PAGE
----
Close to 150,000 Californian homeowners have made energy and efficiency improvements through Property Assessed Clean Energy (PACE) financing. For the most part they are success stories, but there are isolated reports of problems with “independent solar, plumbing and roofing contractors who pitch the loans and sign up consumers through online software.” The California state legislature responded with two bills providing increased protection for PACE customers. Continue reading Two Bills Providing Increased Protection For PACE Customers→
There have been some pretty strange “goings on” in Washington since the Republicans took over. Confronted with facts they didn’t like, the new administration came up with the concept of “alternate facts” that are more in line with the way they want people to think. This has gone beyond the White House. With the new Protecting Americans from Credit Exploitation (PACE) Act, three Republican senators apply alternate facts to PACE financing.
Seven years ago, the White House released policy guidelines that would allow homeowners to finance home energy improvements through their property taxes. The Property-Assessed Clean Energy (PACE) is a local government/corporate partnership, in which private companies supply 100% of the initial funding and are paid back over time. If this remarkably simple program were not classified as tax, it would have been adopted offered through-out America years ago. Taxes take priority over mortgages, should the homeowner default. So Fannie Mae and Freddy Mac urged local governments to put their PACE programs on hold. Yesterday, the US Department of Housing and Urban Development (HUD) announced the obvious solution. Aside from the length of time it took the government to adopt a painfully obvious solution, there are no surprises in HUD’s PACE guidance.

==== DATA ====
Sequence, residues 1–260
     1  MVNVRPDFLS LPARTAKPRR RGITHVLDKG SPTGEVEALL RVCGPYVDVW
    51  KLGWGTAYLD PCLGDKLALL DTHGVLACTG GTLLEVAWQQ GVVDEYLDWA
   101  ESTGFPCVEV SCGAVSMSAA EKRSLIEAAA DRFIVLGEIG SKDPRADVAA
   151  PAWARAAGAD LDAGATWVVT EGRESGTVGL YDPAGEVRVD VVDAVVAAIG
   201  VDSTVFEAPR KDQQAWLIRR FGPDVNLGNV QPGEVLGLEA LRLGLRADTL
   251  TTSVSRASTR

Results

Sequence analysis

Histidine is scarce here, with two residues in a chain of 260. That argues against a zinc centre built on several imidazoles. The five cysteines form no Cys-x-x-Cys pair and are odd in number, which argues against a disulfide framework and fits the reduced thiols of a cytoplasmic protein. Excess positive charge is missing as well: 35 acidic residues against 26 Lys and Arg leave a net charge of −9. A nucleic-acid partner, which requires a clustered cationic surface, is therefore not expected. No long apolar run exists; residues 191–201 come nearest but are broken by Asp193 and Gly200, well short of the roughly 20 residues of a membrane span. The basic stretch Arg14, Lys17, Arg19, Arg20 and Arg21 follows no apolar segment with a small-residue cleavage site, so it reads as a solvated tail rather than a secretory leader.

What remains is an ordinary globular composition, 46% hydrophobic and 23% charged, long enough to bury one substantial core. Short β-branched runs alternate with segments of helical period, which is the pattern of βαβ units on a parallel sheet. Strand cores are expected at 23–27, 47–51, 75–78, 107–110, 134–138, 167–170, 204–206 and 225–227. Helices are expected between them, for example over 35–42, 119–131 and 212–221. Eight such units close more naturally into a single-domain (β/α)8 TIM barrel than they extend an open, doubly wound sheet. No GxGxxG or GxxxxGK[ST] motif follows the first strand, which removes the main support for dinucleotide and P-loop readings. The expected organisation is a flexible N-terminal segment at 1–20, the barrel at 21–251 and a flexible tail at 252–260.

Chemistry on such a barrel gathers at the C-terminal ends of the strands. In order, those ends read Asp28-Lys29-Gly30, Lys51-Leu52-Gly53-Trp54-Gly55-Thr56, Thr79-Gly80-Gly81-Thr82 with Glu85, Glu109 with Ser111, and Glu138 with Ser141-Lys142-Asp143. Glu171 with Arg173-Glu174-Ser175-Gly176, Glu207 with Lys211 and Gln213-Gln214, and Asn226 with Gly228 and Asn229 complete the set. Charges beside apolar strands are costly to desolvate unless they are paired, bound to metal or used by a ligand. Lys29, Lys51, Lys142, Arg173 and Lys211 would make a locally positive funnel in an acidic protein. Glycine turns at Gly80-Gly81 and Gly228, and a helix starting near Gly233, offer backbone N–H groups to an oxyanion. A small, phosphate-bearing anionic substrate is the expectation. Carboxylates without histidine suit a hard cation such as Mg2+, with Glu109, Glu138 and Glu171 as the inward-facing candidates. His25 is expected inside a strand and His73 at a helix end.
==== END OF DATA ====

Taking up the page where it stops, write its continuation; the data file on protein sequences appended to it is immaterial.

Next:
There are almost 400 registrants, from 35 or 36 states, all keenly aware that the US government is about to partially remove a hindrances that have kept residential Property Assessed Clean Energy (P.A.C.E.) financing from spreading throughout the nation. George Caraghiau said, “I’ve been to so many conferences in my life, but I cannot believe the excitement I am feeling at this conference.” David Gabrielson, Executive Director of PACENation, added,1People are excited about the impact this will have on job creation, climate change…” They were speaking from America’s First PACENation Summit.
It has been eight years since Cisco DeVries invented Property Assessed Clean Energy (PACE) loans. They were meant to spur the mass adoption of residential solar, but have also proven to be an effective means of financing other energy and water saving devices. If PACE weren’t classified as a tax, it would have been offered through-out America years ago. Instead, five years ago Fannie Mae and Freddy Mac urged local governments to put their PACE programs on hold and the vast majority of PACE projects have been in California. That is about to change. Cisco DeVries explains how PACE is changing.